Carranza v. Department of Child Services
OPINION AND ORDER: DENYING 1 MOTION for Leave to Proceed in forma pauperis by Plaintiff Silvia Regina Carranza and DISMISSING her case. The Clerk is directed to enter judgment accordingly. Signed by Judge Robert L Miller, Jr on 6/12/2017. (Copy mailed to pro se party)(lhc)
UNITED STATES DISTRICT COURT
NORTHERN DISTRICT OF INDIANA
SOUTH BEND DIVISION
SILVIA REGINA CARRANZA, et al.,
DEPARTMENT OF CHILD SERVICES)
OF ST. JOSEPH COUNTY, et al.,
Cause No. 3:17-cv-215 RLM-MGG
OPINION AND ORDER
Silvia Regina Carranza moved to proceed in forma pauperis in litigation
against the Department of Child Services of St. Joseph County and of Kosciusko
County, and the State of Indiana. Chief Judge Theresa Springmann recognized
that Ms. Carranza is unable to prepay the filing fee, 28 U.S.C. § 1915(a)(1), but
required her to file a complaint by April 28, 2017 so the court could determine if
Ms. Carranza adequately states a claim, § 1915(e)(2)(B); Rowe v. Shake, 196 F.3d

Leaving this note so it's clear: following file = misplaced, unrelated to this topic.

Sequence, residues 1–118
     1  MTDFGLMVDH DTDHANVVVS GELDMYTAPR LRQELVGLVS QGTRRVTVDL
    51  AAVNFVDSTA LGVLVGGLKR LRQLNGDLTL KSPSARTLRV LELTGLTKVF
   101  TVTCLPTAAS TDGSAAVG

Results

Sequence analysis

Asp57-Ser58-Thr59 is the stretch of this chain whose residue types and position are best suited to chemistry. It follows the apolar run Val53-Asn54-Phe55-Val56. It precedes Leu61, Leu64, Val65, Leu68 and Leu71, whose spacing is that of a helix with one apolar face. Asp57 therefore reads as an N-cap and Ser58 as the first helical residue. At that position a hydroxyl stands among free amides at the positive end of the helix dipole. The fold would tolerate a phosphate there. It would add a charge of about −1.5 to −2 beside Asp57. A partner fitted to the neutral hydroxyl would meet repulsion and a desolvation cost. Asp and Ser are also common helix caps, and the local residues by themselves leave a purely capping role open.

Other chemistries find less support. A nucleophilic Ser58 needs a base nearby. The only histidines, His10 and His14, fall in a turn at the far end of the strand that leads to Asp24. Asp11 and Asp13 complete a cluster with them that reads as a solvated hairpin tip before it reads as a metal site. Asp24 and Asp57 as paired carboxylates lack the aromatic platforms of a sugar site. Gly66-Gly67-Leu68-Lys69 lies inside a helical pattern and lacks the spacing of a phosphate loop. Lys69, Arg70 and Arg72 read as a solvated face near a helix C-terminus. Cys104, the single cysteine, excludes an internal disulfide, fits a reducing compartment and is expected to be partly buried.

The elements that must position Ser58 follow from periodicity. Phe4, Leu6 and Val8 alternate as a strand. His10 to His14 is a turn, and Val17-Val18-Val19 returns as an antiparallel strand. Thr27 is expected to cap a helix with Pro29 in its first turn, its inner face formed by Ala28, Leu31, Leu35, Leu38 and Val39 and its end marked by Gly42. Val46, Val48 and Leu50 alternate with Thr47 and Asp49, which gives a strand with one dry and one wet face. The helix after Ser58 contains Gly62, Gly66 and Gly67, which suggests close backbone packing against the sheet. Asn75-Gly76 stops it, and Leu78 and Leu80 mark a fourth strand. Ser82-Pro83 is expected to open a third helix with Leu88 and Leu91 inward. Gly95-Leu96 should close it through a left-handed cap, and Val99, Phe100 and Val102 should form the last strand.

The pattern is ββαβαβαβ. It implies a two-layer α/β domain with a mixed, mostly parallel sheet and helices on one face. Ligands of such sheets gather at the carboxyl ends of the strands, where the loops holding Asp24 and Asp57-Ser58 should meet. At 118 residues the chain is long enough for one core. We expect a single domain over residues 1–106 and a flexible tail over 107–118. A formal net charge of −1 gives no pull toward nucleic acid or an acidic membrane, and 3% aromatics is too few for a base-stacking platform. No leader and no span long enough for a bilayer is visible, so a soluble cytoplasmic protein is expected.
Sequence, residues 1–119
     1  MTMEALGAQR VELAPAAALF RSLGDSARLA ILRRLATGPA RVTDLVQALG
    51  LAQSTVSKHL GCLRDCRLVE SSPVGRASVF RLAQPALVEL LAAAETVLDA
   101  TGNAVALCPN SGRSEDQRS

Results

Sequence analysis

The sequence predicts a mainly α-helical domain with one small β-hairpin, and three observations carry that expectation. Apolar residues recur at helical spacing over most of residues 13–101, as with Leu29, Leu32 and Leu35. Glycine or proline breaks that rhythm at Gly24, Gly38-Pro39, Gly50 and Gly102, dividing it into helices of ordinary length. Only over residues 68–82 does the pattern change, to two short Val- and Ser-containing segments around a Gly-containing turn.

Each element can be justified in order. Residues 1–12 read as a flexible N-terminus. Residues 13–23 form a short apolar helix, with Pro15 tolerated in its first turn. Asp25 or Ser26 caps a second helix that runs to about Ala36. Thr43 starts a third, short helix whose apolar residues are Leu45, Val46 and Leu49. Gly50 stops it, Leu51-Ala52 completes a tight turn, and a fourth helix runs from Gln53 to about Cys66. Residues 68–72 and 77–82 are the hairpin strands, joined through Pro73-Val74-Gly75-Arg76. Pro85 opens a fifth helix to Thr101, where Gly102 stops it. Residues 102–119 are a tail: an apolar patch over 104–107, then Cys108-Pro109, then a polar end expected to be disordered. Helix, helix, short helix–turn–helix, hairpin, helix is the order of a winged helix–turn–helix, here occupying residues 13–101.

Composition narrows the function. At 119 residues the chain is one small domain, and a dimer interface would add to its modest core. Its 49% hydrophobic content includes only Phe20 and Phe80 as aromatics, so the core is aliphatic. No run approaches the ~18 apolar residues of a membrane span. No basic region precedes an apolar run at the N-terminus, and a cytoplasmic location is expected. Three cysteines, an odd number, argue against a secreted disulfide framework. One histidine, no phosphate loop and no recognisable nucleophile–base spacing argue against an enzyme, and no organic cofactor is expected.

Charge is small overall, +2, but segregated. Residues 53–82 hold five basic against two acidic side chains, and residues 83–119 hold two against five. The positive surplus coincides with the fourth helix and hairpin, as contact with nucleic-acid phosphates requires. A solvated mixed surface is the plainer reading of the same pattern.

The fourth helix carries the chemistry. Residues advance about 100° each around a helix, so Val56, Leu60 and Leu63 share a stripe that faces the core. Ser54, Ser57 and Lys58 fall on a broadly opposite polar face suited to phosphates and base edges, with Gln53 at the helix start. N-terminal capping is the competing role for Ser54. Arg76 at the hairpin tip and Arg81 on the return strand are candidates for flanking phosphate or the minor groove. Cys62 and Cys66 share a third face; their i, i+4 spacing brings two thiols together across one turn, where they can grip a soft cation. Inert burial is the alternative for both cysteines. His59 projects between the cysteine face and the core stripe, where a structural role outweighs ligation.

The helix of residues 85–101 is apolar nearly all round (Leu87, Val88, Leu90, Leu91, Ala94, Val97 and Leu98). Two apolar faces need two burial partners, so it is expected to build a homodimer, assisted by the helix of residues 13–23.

778, 783 (7th Cir. 1999) (“The district court may screen the complaint prior to
service on the defendants, and must dismiss the complaint if it fails to state a
claim.”). Ms. Carranza mailed her complaint to the court in time to meet Judge
Springmann’s deadline. The case was then transferred to the undersigned judge.
The same standard applies under § 1915(e)(2)(B) as in a motion to dismiss
under Federal Rule of Civil Procedure 12(b)(6). Luevano v. Wal-Mart Stores, Inc.,
722 F.3d 1014, 1027 (7th Cir. 2013). To state a claim, a complaint need only
contain a short and plain statement showing that the plaintiff is entitled to relief.
See EEOC v. Concentra Health Servs., Inc., 496 F.3d 773, 776 (7th Cir. 2007).
The court must accept as true all well-pleaded factual allegations in the
complaint and draw all reasonable inferences in favor of Ms. Carranza. See
Hecker v. Deere & Co., 556 F.3d 575, 580 (7th Cir. 2009). A complaint must
“state a claim to relief that is plausible on its face.” Bell Atl. Corp. v. Twombly,
550 U.S. 544, 570 (2007). “A claim has facial plausibility when the plaintiff
pleads factual content that allows the court to draw the reasonable inference
that the defendant is liable for the misconduct alleged.” Adams v. City of
Indianapolis, 742 F.3d 720, 728 (7th Cir. 2014). “Specific facts are not necessary;
the statement need only give the defendant fair notice of what . . . the claim is
and the grounds upon which it rests.” Erickson v. Pardus, 551 U.S. 89, 93
(2007). The court will interpret Ms. Carranza’s complaint liberally because she’s